Portland teams celebrate Black History Month through advocacy

Illustration by Faith Gallegos

For years, Portland has celebrated Black History Month with vibrant festivals such as the PDX Jazz Festival and the Cascade Festival for African Films. But this year, with the COVID-19 pandemic shuttering many famous local celebrations, the city’s professional sports teams have decided to get creative and do their part to fill the gap.

The Thorns, Portland’s two-time National Women’s Soccer League champions, and the Portland Timbers, Major League Soccer’s 2015 champions, can be seen wearing special edition warm-up tees inspired by their mission to “Educate, Elevate, Engage.”

The Thorns and Timbers are selling their Black History Month tee in the team stores, with all proceeds benefiting KairosPDX, an award winning, Black-owned nonprofit dedicated to enhancing educational equity in early childhood and beyond.

Timbers star forward Jeremy Ebobisse, who also plays for the U.S. Men’s National Team, has been heavily involved in the Timbers’ Black History Month proceedings for years. Ebobisse and his teammate Eryk Williamson encourage fans to never stop educating themselves on Black issues, both current and past. In an interview with Timbers.com, Williamson noted that any dialogue about Black history and culture should be focused on Black voices such as Rosa Parks, Malcolm X, Martin Luther King Jr. and James Baldwin. Both players make it a personal tradition to get involved in local Black History Month traditions every year.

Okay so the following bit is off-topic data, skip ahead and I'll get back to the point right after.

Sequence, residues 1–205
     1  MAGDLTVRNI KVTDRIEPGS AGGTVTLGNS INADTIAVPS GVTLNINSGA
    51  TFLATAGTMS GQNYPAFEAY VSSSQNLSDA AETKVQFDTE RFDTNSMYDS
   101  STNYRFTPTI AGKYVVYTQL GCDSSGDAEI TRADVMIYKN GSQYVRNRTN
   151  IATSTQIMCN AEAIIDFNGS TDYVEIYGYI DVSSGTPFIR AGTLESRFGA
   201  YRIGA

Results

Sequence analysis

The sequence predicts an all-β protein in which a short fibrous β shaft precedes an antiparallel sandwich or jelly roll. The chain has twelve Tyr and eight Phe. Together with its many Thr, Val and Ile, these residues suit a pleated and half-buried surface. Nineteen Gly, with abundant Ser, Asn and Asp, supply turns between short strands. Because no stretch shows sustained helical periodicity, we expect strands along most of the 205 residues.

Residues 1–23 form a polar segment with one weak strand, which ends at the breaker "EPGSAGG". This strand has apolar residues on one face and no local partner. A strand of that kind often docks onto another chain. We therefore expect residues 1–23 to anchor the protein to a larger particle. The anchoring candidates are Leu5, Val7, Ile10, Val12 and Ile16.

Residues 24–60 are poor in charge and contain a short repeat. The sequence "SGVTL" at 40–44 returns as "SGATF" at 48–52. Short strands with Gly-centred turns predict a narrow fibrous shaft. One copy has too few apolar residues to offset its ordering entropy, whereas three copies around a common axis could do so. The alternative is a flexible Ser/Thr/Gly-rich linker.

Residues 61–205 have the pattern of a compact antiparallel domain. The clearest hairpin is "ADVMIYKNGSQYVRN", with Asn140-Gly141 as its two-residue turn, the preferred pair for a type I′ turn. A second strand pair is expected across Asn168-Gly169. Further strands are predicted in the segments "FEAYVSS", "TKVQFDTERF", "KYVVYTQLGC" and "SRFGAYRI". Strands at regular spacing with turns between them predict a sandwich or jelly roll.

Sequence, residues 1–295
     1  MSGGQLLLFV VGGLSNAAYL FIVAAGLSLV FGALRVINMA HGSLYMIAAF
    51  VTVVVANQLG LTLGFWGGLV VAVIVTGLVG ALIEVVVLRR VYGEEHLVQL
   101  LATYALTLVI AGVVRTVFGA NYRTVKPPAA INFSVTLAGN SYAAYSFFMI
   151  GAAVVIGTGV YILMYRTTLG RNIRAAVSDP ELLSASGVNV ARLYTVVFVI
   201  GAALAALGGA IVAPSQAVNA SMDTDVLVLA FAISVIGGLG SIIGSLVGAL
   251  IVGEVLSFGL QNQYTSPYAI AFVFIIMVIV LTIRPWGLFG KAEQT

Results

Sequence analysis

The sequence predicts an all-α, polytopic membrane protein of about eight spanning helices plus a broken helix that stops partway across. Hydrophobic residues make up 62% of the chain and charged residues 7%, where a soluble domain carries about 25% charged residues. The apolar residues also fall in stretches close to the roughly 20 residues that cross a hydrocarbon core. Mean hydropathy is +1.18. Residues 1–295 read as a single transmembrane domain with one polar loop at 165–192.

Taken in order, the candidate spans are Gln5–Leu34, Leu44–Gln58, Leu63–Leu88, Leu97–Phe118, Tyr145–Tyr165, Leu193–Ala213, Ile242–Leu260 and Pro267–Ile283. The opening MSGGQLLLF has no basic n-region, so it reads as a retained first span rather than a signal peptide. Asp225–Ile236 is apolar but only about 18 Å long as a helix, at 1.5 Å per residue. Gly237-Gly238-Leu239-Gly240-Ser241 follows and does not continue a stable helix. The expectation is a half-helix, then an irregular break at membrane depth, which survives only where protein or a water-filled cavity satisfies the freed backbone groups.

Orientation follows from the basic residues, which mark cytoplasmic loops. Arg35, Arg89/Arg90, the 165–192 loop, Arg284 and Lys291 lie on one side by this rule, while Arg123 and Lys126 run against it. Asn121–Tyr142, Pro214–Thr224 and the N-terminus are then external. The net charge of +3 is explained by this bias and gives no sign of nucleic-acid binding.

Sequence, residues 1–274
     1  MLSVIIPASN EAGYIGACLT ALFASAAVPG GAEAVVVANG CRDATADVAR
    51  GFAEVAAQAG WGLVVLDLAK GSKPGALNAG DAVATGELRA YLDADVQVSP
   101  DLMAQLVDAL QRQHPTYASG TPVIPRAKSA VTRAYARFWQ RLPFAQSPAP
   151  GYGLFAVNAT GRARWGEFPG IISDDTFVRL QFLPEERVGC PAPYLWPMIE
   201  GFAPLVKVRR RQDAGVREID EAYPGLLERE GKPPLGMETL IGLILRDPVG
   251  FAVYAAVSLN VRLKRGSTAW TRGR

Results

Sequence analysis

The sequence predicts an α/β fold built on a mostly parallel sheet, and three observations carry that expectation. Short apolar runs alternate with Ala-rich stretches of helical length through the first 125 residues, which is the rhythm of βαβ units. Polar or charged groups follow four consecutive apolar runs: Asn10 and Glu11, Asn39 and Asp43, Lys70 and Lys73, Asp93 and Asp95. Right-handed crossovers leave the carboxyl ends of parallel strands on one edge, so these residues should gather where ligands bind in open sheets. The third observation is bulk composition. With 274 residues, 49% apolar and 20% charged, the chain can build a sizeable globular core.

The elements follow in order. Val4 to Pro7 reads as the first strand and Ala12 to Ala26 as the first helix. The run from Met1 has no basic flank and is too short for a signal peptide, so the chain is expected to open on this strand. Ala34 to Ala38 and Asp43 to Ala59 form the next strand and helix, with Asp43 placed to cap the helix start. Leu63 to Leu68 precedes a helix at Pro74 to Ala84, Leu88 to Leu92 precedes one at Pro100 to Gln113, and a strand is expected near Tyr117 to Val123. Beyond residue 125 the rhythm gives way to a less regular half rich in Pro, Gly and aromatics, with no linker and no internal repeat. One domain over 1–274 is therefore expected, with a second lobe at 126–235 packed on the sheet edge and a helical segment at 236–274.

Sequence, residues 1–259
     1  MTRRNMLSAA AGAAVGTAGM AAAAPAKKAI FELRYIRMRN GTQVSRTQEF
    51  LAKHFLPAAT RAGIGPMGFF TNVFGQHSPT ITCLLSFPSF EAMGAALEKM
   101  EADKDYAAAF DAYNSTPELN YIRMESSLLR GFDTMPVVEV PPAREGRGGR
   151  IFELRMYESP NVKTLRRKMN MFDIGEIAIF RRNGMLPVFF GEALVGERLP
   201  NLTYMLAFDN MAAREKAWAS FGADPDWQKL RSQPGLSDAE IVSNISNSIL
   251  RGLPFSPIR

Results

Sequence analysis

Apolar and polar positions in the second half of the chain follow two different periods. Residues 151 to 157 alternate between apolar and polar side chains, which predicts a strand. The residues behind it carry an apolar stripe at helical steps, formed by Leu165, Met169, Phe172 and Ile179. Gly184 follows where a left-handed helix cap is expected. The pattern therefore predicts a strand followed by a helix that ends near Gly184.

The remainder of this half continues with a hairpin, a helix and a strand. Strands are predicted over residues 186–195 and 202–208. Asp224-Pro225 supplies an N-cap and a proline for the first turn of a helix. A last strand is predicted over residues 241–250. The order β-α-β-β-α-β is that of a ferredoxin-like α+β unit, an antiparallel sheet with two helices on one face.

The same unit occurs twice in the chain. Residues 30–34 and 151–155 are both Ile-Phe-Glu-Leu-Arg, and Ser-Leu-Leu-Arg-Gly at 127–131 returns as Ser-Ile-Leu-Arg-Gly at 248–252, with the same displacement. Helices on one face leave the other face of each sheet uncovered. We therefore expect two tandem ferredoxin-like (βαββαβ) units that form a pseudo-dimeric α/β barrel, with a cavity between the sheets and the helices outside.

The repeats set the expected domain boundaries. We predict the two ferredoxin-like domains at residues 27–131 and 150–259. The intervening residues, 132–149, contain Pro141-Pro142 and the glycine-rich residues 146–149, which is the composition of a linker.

Ebobisse also advocates for the centering of prominent women of the civil rights movement, who all too often seem to be left out of the discussion.

“That is the next progression in broadening our understanding of African American history in our country: empowering the female voices of the past,” Ebobisse said. “Because they were at the forefront of the civil rights movement, and they continue to be at the forefront of Black Lives Matter and all these movements that are promoting equality and bringing black people up.”

Both of Portland’s soccer clubs have also come together to sponsor educational programming designed for young kids to critically engage with topics concerning race and racism.

One such program is conducted by A Kids Book About, a Black-owned media company that is hosting a series of panels with Black authors Kohen, Jelani Memory and Jordan Thierry, on IGTV. These award-winning children’s authors will be hosting two programs, A Kid Asks About Racism and A Kid Asks About Black History Month.

The Portland Trail Blazers are also frequently involved in social and racial justice in the local community. Blazers star Damian Lillard was an active leader in this summer’s Black Lives Matter protests in Portland, leading marches from Revolution Hall across the theMorrison Bridge.

Blazers Guard CJ McCollum hosts a talk show series titled, “ReMaking America: A Conversation with CJ McCollum,” that was featured in a November 2020  Pioneer Log article.

McCollum aims to raise community awareness for racial issues, while also encouraging his fellow athletes to speak up on inequality.

The Trail Blazers are hoping to support the causes of their players, organizing virtual celebrations of Black History Month during their games against the Washington Wizards on Feb. 12, and against the Cleveland Cavaliers on Feb. 20. The game against the Cavaliers will focus on Black health issues in partnership with Moda Health.

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